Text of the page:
The role of the personalities of staff involved in driving forward the collaboration was agreed to be key, in that it was vital to have the right person in place to manage the relationship and the right people involved in drawing up the contract. Bell highlighted the issue that for some in the public sector, the tendency is to start from the point of view of the tender process regulation, but that’s not the right place to start.
“I think starting with the position of constraint is probably the comfort position for a number of public bodies. There’s nothing in our procurement guidance that suggests that’s what you should do. It’s opening that up, having the broad conversation, recognising that you do have to go into a regulated space at some point.
“There’s scope and that’s a great example for that scope. The personality type, the type of person who can do that, I think, is something that we need to harness and develop. At times we may need to look across the board, beyond the traditional procurement department. Who are the people who can lead those conversations?”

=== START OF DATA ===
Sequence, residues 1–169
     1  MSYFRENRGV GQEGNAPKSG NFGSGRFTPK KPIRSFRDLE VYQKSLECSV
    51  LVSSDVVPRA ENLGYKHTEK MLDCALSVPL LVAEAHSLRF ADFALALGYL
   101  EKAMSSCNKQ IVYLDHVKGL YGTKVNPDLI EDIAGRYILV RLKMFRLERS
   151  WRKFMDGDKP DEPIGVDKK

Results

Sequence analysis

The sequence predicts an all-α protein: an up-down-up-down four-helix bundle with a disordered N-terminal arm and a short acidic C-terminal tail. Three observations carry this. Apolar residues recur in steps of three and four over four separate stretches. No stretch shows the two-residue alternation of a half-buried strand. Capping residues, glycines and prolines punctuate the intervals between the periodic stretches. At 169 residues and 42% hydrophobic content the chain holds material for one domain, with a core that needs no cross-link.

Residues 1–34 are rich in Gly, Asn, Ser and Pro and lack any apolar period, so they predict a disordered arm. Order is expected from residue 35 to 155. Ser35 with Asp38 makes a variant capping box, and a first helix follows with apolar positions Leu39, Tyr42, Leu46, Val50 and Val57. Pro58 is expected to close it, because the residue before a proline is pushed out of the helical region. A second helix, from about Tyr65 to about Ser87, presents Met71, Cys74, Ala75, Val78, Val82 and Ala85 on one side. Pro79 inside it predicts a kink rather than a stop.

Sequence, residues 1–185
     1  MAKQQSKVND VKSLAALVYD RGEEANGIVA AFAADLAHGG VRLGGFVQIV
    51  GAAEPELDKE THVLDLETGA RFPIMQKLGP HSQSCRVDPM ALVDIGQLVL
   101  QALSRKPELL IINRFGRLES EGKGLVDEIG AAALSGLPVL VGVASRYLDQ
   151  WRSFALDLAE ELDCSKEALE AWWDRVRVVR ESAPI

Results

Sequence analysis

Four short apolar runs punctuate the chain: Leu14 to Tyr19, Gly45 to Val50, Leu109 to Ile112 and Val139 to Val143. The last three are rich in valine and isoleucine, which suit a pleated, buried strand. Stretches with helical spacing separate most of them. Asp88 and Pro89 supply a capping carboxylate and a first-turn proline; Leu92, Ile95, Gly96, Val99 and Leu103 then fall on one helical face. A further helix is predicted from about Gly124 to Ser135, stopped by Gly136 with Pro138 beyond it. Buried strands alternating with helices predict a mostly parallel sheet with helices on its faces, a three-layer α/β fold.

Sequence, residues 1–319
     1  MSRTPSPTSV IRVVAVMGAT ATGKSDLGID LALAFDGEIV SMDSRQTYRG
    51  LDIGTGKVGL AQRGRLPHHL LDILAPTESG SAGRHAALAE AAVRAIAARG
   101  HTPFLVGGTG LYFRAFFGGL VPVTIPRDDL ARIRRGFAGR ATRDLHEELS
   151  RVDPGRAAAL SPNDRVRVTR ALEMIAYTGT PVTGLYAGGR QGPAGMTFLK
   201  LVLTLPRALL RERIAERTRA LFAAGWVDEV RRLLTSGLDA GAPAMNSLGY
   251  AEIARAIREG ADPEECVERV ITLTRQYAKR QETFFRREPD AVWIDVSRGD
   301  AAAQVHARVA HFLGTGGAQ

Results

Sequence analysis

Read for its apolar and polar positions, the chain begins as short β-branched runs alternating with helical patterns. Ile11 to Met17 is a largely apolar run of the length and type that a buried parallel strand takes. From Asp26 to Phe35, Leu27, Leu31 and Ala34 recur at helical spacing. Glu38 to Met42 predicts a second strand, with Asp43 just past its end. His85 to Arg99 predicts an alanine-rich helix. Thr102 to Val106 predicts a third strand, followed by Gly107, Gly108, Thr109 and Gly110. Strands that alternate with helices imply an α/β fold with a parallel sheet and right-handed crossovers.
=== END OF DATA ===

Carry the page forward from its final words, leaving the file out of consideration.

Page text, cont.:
Chair George Black mentioned the Commonwealth Games as an example where contracts were drawn up by one group of people, while others were left to manage them afterwards.
Frith said: “I would probably say, in an ideal world, the people who are going to be managing the contract should be participating in the design of it in the first place, because apart from anything else, that’ll give them a sense of ownership of it.”
The question of the different weightings given to price versus quality in contracts was also discussed, with falling council budgets leading to price becoming more of a concern, but for procurement of services, the quality was essential.